January 2009 Briefing - Psychiatry
Here are what the editors at HealthDay consider to be the most important developments in Psychiatry for January 2009. This roundup includes the latest research news from journal articles, as well as the FDA approvals and regulatory changes that are the most likely to affect clinical practice.
Anticholinergic Agents Linked to Cognitive Impairment
FRIDAY, Jan. 30 (HealthDay News) -- Cumulative long-term use of anticholinergic medications can lead to cognitive impairment, including poor memory and executive function, according to study findings published in the December issue of the Journal of the American Geriatrics Society.
Newer Antidepressants Not All the Same
THURSDAY, Jan. 29 (HealthDay News) -- There are significant differences in terms of efficacy and acceptability between 12 new-generation antidepressants, according to an article published online Jan. 29 in The Lancet.
Sleep Mutants Increase Anesthesia Requirement
WEDNESDAY, Jan. 28 (HealthDay News) -- Gene mutations in fruit flies that shorten sleep time also affect their sensitivity to volatile anesthetics, according to research published in the February issue of Anesthesiology.
Psychosis Linked to Attention-Deficit Disorder Drugs
TUESDAY, Jan. 27 (HealthDay News) -- In children receiving drug treatment for attention-deficit/hyperactivity disorder, hallucinations and other psychotic symptoms may be a sign of an adverse drug reaction, according to a report published in the February issue of Pediatrics.
Clinical Information Technology Leads to Safer Hospitals
TUESDAY, Jan. 27 (HealthDay News) -- Hospitals that make use of clinical information technology to automate notes, records, order entry and clinical decision support have lower mortality rates, fewer complications and also save money, according to a report published in the Jan. 26 issue of the Archives of Internal Medicine.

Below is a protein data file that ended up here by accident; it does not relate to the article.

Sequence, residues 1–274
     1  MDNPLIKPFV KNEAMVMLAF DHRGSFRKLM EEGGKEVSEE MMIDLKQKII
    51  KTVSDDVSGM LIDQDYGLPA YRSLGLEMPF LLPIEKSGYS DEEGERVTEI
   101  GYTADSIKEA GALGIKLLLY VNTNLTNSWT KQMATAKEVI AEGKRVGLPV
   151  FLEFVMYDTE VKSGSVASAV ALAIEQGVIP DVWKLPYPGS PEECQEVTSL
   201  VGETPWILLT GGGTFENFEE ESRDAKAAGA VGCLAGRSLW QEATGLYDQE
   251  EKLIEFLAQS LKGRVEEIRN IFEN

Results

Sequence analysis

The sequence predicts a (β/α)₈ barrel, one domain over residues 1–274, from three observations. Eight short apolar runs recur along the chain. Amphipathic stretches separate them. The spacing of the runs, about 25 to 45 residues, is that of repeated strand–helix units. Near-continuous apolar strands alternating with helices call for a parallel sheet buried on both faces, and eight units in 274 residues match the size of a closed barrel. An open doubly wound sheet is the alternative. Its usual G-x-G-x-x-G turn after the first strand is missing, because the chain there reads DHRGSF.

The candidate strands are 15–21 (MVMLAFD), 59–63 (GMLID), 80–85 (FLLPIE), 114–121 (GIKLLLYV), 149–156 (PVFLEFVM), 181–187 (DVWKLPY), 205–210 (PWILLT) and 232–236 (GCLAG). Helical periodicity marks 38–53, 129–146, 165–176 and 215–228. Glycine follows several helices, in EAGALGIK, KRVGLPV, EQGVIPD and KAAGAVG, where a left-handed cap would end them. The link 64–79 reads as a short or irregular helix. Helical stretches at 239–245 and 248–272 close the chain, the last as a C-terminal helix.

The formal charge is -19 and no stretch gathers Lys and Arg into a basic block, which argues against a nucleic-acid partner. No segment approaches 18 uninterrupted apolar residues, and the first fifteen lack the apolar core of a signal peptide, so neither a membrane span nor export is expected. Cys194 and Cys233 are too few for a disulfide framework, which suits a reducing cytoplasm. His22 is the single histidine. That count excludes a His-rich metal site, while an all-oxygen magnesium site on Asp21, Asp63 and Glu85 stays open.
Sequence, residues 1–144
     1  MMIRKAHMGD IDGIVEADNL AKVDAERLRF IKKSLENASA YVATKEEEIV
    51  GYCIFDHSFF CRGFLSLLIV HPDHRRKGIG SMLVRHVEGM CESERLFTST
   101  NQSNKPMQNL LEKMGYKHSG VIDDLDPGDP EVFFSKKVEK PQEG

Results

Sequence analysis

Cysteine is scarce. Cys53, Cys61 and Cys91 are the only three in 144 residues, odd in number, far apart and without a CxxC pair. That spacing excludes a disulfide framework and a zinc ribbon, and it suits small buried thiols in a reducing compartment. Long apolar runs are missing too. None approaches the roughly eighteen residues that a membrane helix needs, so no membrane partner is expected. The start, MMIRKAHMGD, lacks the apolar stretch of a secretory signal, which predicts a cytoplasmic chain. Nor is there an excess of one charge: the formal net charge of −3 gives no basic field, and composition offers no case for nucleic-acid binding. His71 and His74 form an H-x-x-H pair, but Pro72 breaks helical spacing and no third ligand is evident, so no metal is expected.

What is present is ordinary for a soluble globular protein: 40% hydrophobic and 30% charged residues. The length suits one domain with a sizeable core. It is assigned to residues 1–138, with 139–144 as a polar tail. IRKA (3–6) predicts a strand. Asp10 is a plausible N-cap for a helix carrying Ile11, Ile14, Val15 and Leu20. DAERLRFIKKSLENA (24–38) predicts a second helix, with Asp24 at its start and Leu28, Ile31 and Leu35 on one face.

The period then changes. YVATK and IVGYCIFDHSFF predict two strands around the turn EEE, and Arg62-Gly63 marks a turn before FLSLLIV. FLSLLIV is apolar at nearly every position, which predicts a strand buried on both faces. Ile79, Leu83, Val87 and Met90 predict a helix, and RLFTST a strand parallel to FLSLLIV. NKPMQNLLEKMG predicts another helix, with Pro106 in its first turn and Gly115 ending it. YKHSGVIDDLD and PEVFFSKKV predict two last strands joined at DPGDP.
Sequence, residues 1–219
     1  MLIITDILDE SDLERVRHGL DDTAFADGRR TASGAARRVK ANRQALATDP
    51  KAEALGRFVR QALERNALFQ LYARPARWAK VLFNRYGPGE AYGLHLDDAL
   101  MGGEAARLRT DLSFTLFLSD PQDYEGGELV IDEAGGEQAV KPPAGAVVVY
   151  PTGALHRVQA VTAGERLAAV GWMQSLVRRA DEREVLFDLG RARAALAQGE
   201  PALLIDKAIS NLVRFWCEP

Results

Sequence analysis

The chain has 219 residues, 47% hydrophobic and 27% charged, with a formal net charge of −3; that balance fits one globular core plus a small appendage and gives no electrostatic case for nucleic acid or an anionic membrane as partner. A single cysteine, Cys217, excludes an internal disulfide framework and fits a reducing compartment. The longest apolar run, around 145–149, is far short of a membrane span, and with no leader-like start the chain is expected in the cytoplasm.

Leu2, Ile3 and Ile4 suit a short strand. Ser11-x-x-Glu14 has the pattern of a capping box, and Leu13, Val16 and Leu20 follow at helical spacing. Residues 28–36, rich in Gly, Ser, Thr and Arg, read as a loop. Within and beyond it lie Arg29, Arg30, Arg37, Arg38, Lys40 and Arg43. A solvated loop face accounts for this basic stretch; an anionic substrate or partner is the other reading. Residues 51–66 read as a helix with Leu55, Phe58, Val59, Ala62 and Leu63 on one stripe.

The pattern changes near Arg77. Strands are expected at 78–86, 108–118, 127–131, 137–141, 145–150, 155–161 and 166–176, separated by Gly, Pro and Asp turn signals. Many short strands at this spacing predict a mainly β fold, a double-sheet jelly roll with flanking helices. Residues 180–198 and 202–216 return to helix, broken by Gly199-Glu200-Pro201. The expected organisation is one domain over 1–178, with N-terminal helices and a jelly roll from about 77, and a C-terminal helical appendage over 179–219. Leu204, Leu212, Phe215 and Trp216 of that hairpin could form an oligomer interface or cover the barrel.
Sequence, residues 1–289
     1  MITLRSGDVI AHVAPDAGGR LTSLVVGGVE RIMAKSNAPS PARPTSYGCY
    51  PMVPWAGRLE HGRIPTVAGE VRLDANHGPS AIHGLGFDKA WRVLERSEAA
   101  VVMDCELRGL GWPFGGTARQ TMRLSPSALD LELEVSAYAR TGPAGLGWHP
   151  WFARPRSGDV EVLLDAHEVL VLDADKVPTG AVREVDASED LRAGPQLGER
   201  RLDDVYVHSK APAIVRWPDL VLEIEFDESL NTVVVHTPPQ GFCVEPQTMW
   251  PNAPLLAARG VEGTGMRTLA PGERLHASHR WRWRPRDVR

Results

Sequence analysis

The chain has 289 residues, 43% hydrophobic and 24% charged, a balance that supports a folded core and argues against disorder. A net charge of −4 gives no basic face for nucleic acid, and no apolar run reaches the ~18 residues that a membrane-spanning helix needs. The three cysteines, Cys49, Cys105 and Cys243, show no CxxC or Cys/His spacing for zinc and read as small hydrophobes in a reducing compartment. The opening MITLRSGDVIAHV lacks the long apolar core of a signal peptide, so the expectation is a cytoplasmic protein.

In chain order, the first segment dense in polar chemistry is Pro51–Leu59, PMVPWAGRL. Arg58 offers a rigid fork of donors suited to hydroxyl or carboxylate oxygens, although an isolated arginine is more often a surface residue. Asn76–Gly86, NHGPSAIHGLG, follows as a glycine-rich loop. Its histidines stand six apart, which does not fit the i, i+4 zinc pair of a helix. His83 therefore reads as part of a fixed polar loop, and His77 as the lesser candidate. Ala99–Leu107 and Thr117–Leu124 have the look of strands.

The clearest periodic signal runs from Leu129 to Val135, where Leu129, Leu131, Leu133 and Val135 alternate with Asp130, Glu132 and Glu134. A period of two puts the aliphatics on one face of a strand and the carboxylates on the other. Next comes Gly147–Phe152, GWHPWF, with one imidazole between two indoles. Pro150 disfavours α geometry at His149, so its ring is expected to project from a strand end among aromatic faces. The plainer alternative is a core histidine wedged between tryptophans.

Meditation Practice Linked to Less Pain Sensitivity
MONDAY, Jan. 26 (HealthDay News) -- Experience in Zen meditation is associated with reduced pain sensitivity, a finding supporting the value of mindfulness-based meditation, according to research published in the January issue of Psychosomatic Medicine.
Alcohol-Use Disorders Are Common, But Treatable
MONDAY, Jan. 26 (HealthDay News) -- About one-quarter of individuals with alcohol-use disorders will seek help for their problems, and health care providers should routinely screen for alcohol dependence or abuse, according to a seminar published online Jan. 26 in The Lancet.
More Recess Time Leads to Better Classroom Behavior
MONDAY, Jan. 26 (HealthDay News) -- Elementary school-age students who receive at least one daily recess period of 15 minutes or more are likely to show better behavior in the classroom, according to study findings published in the February issue of Pediatrics.
Spousal Violence Increases Odds of Fetal Loss
FRIDAY, Jan. 23 (HealthDay News) -- Women whose husbands are violent toward them are more likely to experience single or recurrent fetal loss, researchers report in the Jan. 24 issue of The Lancet.
Abuse of Dementia Patients by Carers Is Common